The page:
Ahead of every championship fight, UFC staff writer E. Spencer Kyte will sit down with some of the sharpest coaching minds in the sport to break down the action and provide UFC fans with insights into each championship pairing from the people that spend their days getting these elite athletes prepared to compete on the biggest stage in the sport.
For UFC 281, Kyte called upon highly respected head coach Eliot Marshall, formerly of the Elevation Fight Team, and Xtreme Couture head coach Eric Nicksick to provide their thoughts on four points heading into the strawweight championship bout between two-time champ Carla Esparza and former titleholder Zhang Weili.
Best Trait of Each Fighter
At a time in the sport where everyone is pretty solid everywhere, generally speaking, what is the one thing that each of these competitors do better than anyone else?
Marshall: The best trait of Carla Esparza, physically, is obviously her wrestling, and then she’s just great with keeping it going. She is not — failing at it doesn’t mess with her too badly; she’ll just be like, ‘Okay, I missed that one; let’s go again.’ That can be very hard to do.
Zhang Weili is very well-rounded physically, and I would say she has an unrelenting will to win. I think you can see it in the first Rose fight where she was like, ‘No, I can fight; I’m all right.’ Physically, it’s her well-roundedness, and mentally, she’s really going to try to win.
Nicksick: The thing that jumps off the page to me with Weili is her power, her striking. I think she’s kind of a wrecking ball — and I mean that skillfully — and her vision in the pocket.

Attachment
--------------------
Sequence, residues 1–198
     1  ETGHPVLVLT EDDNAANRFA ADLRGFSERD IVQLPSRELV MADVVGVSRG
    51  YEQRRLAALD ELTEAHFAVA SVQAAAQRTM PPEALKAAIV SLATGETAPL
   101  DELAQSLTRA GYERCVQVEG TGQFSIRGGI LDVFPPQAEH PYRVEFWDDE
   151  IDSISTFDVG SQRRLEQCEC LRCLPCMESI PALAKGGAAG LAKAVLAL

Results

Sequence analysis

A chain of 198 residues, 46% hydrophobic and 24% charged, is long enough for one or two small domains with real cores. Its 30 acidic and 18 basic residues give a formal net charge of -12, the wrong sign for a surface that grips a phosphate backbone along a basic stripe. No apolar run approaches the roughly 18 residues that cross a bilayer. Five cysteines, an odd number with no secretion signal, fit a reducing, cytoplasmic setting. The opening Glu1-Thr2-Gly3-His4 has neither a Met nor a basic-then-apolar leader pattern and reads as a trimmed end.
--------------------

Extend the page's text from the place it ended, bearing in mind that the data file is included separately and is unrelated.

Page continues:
I think the wars she’s been in the last few years, she’s kind of tailor-made for that champion or contender position. With Joanna for a while, it was ‘she’s the champ or she’s fighting for the belt’ and I think that’s (the same with Weili).
For Carla, it’s her wrestling, her ability to chain things together, and time her level changes.
Path to Victory for Each Fighter
Everyone would love a 10-second knockout or a quick submission, but that’s not often how these things go, especially not at the championship level. Instead, it’s usually the competitor that has crafted the better game plan and did the better job of executing things inside the Octagon that comes away with their hand raised and the gold around their waist.
So, how does either woman get it done on Saturday night?
Marshall: I don’t think that Weili will have the same game plan that Rose had where the fight stays on the feet a lot and nothing happened. Weili is going to come to fight, and so her path to victory is to keep it on the feet and to pin Carla’s back to the fence.
If she has Carla walking that line of the Octagon, it’s going to be very difficult for Carla to start to get off with her takedowns and her striking; any of it. Weili has to be the aggressor, and I know she’s been working a lot on her wrestling to be able to defend that.
Obviously, Carla’s is to get Weili down and ride out a 25-minute — I hate to say it — ridiculously boring decision.
Nicksick: For Carla, if the crowd is booing, she’s winning. She’s got to stay on the same movement that she had with Rose — she can’t stay in front of Weili — and she’s got to do a lot against the cage to make Weili pummel and work, but then get down on the legs to wrestle.